Corn milling was the earliest mechanised industry in Blackburn and water-powered mills are known to have existed during the medieval period. These were manorial or soke mills which drew tithes and rents for their use. At least three sites survived into the nineteenth century, although the actual buildings were restored at various times.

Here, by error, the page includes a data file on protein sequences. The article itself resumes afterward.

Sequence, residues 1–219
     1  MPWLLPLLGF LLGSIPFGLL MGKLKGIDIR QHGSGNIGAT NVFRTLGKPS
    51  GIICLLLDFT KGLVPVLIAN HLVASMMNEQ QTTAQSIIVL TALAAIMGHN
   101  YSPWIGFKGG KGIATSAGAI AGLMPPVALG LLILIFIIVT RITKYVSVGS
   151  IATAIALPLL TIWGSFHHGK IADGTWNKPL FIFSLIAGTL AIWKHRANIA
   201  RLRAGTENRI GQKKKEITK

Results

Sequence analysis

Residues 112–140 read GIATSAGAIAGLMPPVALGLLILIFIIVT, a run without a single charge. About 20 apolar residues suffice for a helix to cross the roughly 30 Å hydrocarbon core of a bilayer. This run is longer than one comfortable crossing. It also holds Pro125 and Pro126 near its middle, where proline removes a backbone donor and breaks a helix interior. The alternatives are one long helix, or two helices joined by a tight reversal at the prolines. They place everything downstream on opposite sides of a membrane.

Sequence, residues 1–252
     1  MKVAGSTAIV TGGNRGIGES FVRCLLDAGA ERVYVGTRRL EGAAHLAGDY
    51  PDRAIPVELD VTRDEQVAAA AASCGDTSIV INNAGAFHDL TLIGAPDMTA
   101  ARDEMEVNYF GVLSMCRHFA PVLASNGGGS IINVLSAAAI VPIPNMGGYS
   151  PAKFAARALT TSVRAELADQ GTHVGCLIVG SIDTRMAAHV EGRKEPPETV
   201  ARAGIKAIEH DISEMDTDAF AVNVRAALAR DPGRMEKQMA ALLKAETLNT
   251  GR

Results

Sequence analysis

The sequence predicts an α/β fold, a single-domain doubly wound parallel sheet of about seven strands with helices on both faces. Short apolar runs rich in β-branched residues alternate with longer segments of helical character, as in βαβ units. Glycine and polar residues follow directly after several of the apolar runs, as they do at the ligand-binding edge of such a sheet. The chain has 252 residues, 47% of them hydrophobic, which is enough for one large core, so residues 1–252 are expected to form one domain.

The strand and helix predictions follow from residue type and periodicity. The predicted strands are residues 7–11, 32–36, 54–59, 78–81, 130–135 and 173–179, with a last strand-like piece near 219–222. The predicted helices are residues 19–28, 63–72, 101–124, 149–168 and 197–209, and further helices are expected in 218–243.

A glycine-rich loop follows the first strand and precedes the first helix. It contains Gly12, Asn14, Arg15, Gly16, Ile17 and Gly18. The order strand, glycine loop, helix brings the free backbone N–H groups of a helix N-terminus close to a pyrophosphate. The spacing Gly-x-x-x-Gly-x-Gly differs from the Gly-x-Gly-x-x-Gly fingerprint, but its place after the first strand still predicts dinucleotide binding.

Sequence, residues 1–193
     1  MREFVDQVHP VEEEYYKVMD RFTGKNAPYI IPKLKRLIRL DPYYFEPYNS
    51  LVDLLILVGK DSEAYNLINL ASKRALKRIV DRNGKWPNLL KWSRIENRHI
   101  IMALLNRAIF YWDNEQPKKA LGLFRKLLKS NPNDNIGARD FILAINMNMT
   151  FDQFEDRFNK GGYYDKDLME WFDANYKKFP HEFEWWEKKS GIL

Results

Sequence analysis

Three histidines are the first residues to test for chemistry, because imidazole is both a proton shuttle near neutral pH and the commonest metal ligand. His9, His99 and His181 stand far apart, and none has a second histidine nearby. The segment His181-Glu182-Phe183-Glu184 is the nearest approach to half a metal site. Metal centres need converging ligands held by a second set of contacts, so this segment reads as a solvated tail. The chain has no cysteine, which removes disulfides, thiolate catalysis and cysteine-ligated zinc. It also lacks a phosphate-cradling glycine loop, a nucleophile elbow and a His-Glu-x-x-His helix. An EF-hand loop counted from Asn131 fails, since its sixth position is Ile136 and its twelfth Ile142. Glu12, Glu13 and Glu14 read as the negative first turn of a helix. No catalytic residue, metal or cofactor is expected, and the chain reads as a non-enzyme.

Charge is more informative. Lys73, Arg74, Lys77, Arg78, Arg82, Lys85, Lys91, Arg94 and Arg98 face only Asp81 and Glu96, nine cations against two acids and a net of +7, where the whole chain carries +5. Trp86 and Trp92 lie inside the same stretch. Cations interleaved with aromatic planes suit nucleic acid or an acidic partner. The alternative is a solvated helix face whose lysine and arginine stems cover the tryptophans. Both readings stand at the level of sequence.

Steam driven mills, and one windmill, were erected in the first half of the nineteenth century, mostly along the banks of the Leeds and Liverpool Canal. Oat crushing was a major function of these mills, although flour production became increasingly important. The smaller mills, in particular, were also concerned with processing animal feedstuffs. A significant change occurred in the 1880s with the introduction of roller milling. A direct consequence of this was the closure of the smaller operations using grinding stones. The two large flour mills of Blackburn at Daisyfield and Audley continued working until the middle of the twentieth century when transport and economic factors led to the end of large scale milling in the town.